ADHD Contributes to Delayed ASD Diagnosis

ADHD Contributes to Delayed ASD Diagnosis

Attention deficit hyperactivity disorder (ADHD) is a common neurodevelopmental disorder that affects 3-10% of all children, with boys being two to three times more likely to be diagnosed with the condition than girls. Autism spectrum disorder is also a neurodevelopmental disorder that affects 1 in 45-68 children, with boys almost five times more likely to be diagnosed. Neither condition has a simple test or tool to provide a clear diagnosis, and there is some concern that the similarities between the disorders cause a delay of up to three years in the diagnosis of ASD when children have an existing diagnosis of ADHD. Using assessments like ADHDT-2 can help with this process.

Delayed Diagnosis

While a diagnosis of ASD is possible through assessments like CARS™2 in children under two years old, the median diagnosed age is over four years. 40% of children with specific health issues do not receive an accurate diagnosis of ASD until they are over the age of six.

Reasons for Delayed Diagnosis

There are several reasons for delays in diagnosing ASD when an ADHD diagnosis exists.

  • limited awareness of the overlapping symptoms between ADHD and ASD
  • lack of awareness of social deficits
  • absence of atypical symptoms during routine doctor visits
  • impulsivity, inattention, and hyperactivity may be attributed to ADHD

Necessity of Early Intervention

Early detection of ASD is critical to assist children on the spectrum in living a productive and fulfilling life. Children should be screened as young as 18 months. This is particularly important for children in high-risk groups, such as those with autistic siblings. Early detection leads to early intervention, which has been shown to improve the overall development of a child with ASD in the following ways:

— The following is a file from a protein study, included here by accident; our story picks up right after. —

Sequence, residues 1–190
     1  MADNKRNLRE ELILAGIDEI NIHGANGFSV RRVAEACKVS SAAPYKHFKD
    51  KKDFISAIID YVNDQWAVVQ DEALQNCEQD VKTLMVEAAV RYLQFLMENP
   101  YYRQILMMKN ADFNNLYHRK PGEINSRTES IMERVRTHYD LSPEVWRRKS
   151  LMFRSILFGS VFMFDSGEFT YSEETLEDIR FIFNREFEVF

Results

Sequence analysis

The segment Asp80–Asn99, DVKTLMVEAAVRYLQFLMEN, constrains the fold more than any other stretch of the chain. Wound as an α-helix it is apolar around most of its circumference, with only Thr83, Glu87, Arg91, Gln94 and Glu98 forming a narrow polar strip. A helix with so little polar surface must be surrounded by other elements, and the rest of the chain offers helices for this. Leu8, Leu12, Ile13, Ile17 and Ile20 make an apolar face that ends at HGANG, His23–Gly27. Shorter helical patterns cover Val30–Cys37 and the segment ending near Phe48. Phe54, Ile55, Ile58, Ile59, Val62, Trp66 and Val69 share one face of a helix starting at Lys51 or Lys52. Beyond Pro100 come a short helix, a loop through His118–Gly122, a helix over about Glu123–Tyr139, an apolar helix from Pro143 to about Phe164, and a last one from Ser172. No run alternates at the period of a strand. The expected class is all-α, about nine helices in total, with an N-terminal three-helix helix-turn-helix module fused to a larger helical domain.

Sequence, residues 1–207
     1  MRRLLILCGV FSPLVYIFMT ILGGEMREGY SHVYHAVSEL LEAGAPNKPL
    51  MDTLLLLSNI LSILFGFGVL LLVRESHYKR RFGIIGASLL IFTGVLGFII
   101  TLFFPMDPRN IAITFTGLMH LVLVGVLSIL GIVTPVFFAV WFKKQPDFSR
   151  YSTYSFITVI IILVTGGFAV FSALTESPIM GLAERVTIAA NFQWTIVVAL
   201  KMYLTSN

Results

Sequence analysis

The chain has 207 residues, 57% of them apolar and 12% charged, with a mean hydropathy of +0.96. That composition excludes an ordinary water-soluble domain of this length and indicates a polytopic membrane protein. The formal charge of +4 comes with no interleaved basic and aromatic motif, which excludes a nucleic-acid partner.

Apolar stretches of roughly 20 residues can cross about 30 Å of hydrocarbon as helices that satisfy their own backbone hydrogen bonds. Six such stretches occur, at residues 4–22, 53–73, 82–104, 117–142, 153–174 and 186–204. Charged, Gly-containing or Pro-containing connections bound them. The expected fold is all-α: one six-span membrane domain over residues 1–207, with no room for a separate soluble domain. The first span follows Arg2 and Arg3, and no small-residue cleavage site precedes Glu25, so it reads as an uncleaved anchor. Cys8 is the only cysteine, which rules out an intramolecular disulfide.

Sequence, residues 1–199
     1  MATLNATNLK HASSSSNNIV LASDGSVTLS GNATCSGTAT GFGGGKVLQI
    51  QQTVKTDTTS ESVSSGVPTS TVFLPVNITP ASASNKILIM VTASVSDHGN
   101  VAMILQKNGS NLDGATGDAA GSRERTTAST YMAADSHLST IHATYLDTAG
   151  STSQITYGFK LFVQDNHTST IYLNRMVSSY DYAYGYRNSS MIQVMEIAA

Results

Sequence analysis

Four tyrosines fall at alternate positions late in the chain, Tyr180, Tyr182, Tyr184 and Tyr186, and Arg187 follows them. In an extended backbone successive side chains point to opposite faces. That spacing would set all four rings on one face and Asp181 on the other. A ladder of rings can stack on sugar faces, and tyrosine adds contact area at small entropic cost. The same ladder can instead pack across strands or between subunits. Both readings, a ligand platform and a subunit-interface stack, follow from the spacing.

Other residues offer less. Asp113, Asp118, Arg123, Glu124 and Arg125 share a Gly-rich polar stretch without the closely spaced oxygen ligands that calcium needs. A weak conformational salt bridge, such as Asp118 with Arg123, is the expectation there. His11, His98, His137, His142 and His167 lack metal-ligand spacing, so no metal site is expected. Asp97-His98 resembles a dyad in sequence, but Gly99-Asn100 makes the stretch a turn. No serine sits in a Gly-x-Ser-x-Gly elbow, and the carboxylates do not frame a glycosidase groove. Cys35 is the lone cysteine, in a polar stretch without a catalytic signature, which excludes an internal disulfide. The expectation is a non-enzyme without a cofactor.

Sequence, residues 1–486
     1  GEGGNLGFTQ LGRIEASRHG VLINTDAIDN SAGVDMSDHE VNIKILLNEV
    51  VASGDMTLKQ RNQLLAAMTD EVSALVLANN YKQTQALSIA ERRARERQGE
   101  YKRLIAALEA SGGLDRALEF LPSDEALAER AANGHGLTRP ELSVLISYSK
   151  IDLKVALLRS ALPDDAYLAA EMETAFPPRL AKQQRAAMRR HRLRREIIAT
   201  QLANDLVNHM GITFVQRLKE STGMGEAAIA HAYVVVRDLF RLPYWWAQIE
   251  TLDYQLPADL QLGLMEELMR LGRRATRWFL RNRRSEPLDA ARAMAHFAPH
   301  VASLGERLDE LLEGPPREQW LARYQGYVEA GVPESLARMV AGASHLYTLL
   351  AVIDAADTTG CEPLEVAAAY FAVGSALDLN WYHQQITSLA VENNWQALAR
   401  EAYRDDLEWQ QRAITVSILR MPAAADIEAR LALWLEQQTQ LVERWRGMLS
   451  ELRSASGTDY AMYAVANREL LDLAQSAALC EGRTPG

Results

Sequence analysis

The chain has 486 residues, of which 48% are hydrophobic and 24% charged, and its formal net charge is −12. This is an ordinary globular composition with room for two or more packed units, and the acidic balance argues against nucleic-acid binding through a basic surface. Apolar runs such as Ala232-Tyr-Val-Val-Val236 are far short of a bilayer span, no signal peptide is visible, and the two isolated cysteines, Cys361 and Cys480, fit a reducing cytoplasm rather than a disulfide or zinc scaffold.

• Autism-appropriate support and education during key developmental phases are likely to develop critical social skills and enable better social functioning.
  • Parents can harness the expertise of specialists and organizations to help with their child’s emotional, mental, and physical development.
  • Early diagnosis gives parents time to prepare mentally and emotionally for the difficult task of caring for a child with a neurodevelopmental disorder.
  • Diagnosing ASD early helps by giving schools a heads up for developing an individualized education plan for the child to help with success in school.
  • Early diagnosis helps the child to understand themself and realize they are not alone.
  • Concurrent conditions such as anxiety can be eased with a diagnosis that explains what is going on so the child can come to terms with it.

How to Explain the Diagnosis

Parents and young people may have some misconceptions about ASD. It is called a spectrum disorder because the conditions can fall in so many areas on the continuum. The one end has mild cases, the other end has serious conditions, and the middle is a sliding scale between the two extremes. The most important thing to communicate to families affected by ASD is that there are many positives to the diagnosis. Some of the most successful people in the U.S. have an ASD diagnosis. Most people with ASD are productive members of society with a loyal (if somewhat small) group of friends.

WPS can provide more information about pursuing a diagnosis for a child suspected of having a neurodevelopmental disorder such as ASD or ADHD.

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